Country: United States
Director: David Lowell Rich
Starring: Kirk Douglas, Sylva Koscina, Eli Wallach, Kenneth Haig, William Roerick, Ralph Waite, Ali MacGraw
Music: Kenyon Hopkins
Title song: ‘A Lovely Way To Die’ sung by Marge Dodson
A Lovely Way To Die is perfect lightweight sixties popcorn fair. Every sixties cliché is present from the seriously swinging title song (with silly lyrics), to the mod fashions and sets, and even the plot, but it doesn’t really matter that you’ve seen these setups before. They only add to the rich swingin’ timecapsule. As the story is a murder / mystery, I’ll keep the synopsis rather shallow so as not to spoil the film for those who chose to seek it out in the future.
The film opens as a racetrack. For us viewers, there are two separate story lines to begin with. Don’t worry they converge pretty quickly. The first story line belongs to Detective Jim Schuyler (Kirk Douglas) or ‘Sky’ as everybody calls him. Sky happens to be on leave and is doing a spot of gambling and womanising – not necessarily in that order. The other storyline involves Loren and Rena Westabrook (William Roerick & Sylva Koscina). They are a filthy rich couple who own one of the horses running that day. Their horse wins, and they accept a nice trophy cup and get their photos taken for the society pages of the local paper.
After the race, Sky goes home with a dolly bird he met at the track. After testing the resilience of the mattress springs, the couple then head to a Chinese restaurant for a meal. Also at the restaurant are several mobsters. Even though Sky is off duty, he doesn’t like mobsters and decides to confront them. The conversation doesn’t go well, and Sky ends up in a fist fight. Even though he is outnumbered, Sky handles himself admirably, even if he does destroy the restaurant in the process.
Meanwhile the Westabrook’s are on the way home by car. At this stage, it is worth pointing out that the Westabrooks cannot stand each other. He is much older than her – she probably married him for his money – but now the novelty has worn off for both of them. Simply to antagonise her husband, Rena lets her scarf fly off in the wind as they drive (the car is a convertible). Loren has to stop and march back to pick up the scarf. As they continue their journey, as Loren attempts to overtake a slow moving truck on a narrow road, he ends up bogged in a ditch. Rena waits in the car, while Loren walks to the nearest house to get help.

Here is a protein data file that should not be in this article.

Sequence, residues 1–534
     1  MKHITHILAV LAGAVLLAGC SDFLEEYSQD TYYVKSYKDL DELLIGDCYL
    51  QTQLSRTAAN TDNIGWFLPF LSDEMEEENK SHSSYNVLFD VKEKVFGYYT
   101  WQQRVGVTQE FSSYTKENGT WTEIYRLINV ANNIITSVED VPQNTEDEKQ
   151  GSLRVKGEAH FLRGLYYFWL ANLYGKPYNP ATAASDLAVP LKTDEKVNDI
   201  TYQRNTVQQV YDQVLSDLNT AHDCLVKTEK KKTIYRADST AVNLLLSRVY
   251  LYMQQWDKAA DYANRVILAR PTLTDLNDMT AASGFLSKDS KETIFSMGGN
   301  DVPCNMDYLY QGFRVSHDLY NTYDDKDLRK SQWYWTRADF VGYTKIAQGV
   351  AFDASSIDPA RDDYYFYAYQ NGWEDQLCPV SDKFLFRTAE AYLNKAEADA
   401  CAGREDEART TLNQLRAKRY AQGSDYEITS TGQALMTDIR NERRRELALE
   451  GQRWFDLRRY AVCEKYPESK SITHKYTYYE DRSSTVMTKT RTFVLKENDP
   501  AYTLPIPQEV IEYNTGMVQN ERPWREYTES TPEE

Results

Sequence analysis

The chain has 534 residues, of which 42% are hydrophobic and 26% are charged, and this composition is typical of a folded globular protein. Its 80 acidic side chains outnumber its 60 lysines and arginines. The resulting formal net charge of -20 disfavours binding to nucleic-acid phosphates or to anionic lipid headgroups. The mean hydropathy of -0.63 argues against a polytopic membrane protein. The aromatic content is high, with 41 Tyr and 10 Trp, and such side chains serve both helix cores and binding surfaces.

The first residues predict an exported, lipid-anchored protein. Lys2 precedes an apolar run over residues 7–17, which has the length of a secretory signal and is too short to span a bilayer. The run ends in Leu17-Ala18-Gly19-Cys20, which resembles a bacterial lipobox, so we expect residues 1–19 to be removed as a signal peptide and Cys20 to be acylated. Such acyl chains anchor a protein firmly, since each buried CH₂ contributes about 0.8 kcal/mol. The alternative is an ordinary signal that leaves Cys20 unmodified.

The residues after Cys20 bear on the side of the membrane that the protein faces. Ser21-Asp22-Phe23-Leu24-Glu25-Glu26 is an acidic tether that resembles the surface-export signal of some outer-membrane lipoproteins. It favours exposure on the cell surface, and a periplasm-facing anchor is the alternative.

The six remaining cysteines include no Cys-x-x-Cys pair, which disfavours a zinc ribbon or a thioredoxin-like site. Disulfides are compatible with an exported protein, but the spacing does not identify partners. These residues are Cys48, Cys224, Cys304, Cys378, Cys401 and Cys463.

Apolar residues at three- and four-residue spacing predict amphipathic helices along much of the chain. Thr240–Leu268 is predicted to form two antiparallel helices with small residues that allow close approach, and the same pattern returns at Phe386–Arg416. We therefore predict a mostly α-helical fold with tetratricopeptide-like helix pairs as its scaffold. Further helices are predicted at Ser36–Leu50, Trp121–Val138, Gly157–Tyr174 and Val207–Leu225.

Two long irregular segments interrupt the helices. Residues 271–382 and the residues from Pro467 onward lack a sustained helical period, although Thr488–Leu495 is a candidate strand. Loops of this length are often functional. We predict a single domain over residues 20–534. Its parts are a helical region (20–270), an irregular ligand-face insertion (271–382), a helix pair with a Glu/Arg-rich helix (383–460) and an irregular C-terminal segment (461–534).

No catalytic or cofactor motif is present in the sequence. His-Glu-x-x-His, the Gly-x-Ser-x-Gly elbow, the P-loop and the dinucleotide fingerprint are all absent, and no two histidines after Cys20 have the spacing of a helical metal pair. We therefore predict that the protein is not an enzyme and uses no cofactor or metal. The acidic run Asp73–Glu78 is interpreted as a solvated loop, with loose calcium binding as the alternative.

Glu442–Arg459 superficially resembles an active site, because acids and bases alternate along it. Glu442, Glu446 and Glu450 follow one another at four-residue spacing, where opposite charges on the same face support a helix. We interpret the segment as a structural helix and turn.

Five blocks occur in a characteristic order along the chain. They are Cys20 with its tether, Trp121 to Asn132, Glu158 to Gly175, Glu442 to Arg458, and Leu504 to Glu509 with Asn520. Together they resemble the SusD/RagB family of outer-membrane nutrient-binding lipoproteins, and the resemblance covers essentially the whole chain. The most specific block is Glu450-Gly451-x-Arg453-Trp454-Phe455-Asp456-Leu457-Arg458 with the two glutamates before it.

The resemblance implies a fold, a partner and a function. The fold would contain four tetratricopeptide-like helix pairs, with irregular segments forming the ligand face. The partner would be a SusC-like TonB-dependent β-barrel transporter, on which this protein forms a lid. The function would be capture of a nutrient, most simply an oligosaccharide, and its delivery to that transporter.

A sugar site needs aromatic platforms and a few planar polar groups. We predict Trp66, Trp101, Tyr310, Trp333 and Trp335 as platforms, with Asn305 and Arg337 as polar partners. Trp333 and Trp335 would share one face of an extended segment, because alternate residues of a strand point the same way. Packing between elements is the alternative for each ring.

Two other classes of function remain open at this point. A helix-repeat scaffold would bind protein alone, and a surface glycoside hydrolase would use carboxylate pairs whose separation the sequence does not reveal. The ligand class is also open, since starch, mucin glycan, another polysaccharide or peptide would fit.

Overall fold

Later that evening at the Westabrook’s palatial estate, Loren is taking a late night swim. As he dives from the high board, a shot rings out, and he hits the water dead. Where is Mrs. Westabrook? Well, she is off with young swinger Jonathan Fleming (Kenneth Haig).
The next day, Sky is called into police headquarters. He is to be dragged over the coals for beating up on the mobsters. I seems one of them is in a coma, and the another has a broken jaw. It seems that this isn’t the only physical transgression has made in his career. In fact, in the last year he has made 112 arrests, but half have needed medical attention. It just screams ‘police brutality’ doesn’t it? The assistant DA is waiting is waiting for him to strip him down. But Sky doesn’t give him the opportunity. He walks into the office and hands in his badge.
Now, Sky is looking for a job, and fast talking attorney, Tennessee Fredericks (Eli Wallach) has one for him. Rena Westabrook and Jonathan Fleming have been arrested for the murder of Loren Westabrook. And the evidence seems quite compelling. Tennessee needs someone to act as bodyguard for Rena Westabrook, while she stands trial. Sky thinks she is guilty but takes the job anyway. And it won’t surprise anyone when I say that these two slowly are drawn together.
The story is pretty clichéd – old husband / young wife / young lover – and it does get a little over wrought at the end, but hey, you come to expect these things. Douglas is at his best as the cynical, tough ex-cop, and Sylva Koscina looks absolutely gorgeous in every scene, outfitted in some of the best translucent sixties fashion. As I said at the top, this film is lightweight and certainly not a long lost classic, but it is damn fine entertainment if you love sixties cinema (and I really do).